It was clear to the United States that Mohammed Mossadegh, the nationalist who became prime minister in Iran in April 1951, was not a Communist. The mutual hostility between his political coalition, the National Front, and the Tudeh Party was in evidence throughout 1951 and the first-half of 1952. The key turning point is the July Uprising of 1952, an event which saw Mossadegh and the Tudeh reach a ‘tacit understanding,’ in order to form a united front against the conservative forces attempting to oust Mossadegh from power.
The U.S. believed that Mossadegh would come to rely on the Tudeh for support within Iran, though Gasiorowski shows that such a sentiment was never universally held: in the Spring of 1953, as the CIA began making plans to remove Mossadegh, the prime minister adopted an ambivalent policy towards the Tudeh, liberalizing his approach to the Party one moment and cracking down the next.
Gasiorowski also notes that the Tudeh’s attempts to infiltrate Iran’s armed forces were minimal: military units which might have proven decisive in the event of a major internal disruption were loyal to either Mossadegh or the Shah. Furthermore, Iran’s economy—though shaken by a years-long oil embargo caused by Mossadegh’s nationalization of Iran’s British-owned oil industry—was weak but never on the point of ‘collapse.’ Lacking military power, the Tudeh would probably have tried to take over through a popular front strategy, à la Czechoslovakia in 1948. Yet even in early August 1953, just weeks before the TPAJAX coup took place, analysis confirmed that the Tudeh lacked popular appeal: “the party was not likely to win many seats in the next parliamentary election” (35).
Why then was the coup deemed necessary, if the Communist threat was so vague? Unfortunately, Gasiorowski does not attempt to tackle this question, though he does conclude that TPAJAX was “premature” (3) as an effort to forestall a communist takeover. What other motivations lay behind the coup decision do not form part of Gasiorowski’s analysis.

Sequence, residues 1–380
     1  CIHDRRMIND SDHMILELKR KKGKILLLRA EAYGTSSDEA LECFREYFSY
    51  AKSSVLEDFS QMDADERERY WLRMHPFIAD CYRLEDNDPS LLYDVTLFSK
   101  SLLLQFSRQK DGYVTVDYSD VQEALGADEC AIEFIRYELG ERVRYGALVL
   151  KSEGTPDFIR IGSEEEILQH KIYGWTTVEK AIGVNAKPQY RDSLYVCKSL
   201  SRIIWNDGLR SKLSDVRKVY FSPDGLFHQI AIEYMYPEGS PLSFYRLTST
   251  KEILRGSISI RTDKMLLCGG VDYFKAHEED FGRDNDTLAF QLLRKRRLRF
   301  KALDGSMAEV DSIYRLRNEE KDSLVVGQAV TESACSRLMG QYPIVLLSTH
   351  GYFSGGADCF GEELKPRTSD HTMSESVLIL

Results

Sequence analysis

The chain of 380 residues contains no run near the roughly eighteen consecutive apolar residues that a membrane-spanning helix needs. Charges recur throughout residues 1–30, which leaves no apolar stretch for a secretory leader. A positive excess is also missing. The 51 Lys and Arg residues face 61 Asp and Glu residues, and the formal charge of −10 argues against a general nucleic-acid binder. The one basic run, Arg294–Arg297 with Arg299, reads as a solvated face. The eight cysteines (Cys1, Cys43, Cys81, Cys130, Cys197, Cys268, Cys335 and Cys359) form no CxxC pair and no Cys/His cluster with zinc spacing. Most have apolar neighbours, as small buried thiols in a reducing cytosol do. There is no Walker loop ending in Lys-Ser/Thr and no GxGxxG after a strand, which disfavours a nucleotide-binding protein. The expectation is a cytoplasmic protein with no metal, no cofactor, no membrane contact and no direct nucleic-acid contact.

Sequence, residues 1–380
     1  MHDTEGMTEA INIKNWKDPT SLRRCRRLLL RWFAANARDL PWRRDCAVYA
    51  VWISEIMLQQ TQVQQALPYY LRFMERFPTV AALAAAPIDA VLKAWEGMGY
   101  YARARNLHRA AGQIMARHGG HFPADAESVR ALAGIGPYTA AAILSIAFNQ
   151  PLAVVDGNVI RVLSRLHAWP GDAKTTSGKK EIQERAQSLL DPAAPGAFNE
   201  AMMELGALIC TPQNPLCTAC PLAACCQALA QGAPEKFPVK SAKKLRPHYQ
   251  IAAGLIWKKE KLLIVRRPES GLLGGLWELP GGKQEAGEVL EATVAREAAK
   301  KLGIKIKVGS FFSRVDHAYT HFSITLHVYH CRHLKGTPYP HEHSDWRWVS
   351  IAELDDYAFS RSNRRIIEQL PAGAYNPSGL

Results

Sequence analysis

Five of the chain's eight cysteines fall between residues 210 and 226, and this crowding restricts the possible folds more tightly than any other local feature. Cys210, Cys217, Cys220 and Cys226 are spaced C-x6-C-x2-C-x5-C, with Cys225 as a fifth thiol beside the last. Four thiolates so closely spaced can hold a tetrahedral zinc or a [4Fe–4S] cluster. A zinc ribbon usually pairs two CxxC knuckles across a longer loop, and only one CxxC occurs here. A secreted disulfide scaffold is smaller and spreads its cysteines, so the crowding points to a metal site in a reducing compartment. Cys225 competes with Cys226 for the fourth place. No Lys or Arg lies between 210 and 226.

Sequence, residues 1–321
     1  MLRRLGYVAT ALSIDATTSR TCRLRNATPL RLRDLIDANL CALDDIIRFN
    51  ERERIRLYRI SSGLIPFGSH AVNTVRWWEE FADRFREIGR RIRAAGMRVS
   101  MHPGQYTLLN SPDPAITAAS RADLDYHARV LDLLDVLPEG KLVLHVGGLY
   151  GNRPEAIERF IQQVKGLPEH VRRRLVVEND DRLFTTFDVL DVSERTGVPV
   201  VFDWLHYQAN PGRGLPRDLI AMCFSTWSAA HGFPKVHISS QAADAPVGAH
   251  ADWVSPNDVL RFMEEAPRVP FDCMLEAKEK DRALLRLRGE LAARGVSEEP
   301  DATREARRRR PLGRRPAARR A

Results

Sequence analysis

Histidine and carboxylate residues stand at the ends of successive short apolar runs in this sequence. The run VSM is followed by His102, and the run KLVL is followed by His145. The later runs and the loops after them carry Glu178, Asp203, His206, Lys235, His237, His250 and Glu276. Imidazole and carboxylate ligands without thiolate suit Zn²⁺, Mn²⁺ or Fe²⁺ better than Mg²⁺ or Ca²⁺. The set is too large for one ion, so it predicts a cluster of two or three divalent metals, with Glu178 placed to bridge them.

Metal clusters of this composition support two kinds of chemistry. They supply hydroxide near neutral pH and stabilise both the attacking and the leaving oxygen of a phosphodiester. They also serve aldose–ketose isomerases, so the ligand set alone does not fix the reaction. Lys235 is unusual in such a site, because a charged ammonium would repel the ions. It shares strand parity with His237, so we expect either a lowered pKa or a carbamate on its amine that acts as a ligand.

What the article does illustrate quite clearly is that the Communist threat was never sufficient to justify the coup operation in 1953. Analysts repeatedly stressed the Party’s relative weakness, Mossadegh’s enduring strength, and his willingness to maintain a distance between himself and the Communists, part of his strategy to win support from the United States. There were individuals within the Eisenhower Administration—most notably CIA Director Allen Dulles and Secretary of State John Foster Dulles—who favored a covert action. But Gasiorowski notes that the shift towards supporting the coup, which occurred in early March 1953, “did not occur as a result of new information about the Communist threat in Iran” (28).
This new article provides an excellent roadmap on U.S. perceptions, intelligence-gathering, and official estimates surrounding the fateful decision to topple Mossadegh. Any explanation as to why the United States chose to intervene in Iran’s internal politics in 1953 must move beyond a simple analysis of the Communist threat: “the evidence available to U.S. officials,” concludes Gasiorowski, “does not seem to have warranted such dramatic intervention” (37).
Gregory Brew is a post-doctoral fellow at the Center for Presidential History at Southern Methodist University. His work focuses on U.S.-Iranian relations and the international political economy of energy, and he has published articles in Texas National Security Review, Iranian Studies, International History Review, Passport, The Oxford Research Encyclopedia, and Mediterranean Quarterly.
 James C. Van Hook, ed., Foreign Relations of the United States, 1952-1954, Iran, 1951-1954, 2nd ed. (Washington, D.C.: U.S. Government Publishing Office, 2018).
 Mark J. Gasiorowski, “The 1953 Coup D’Etat in Iran,” International Journal of Middle East Studies 19:3 (August 1987): 261-286.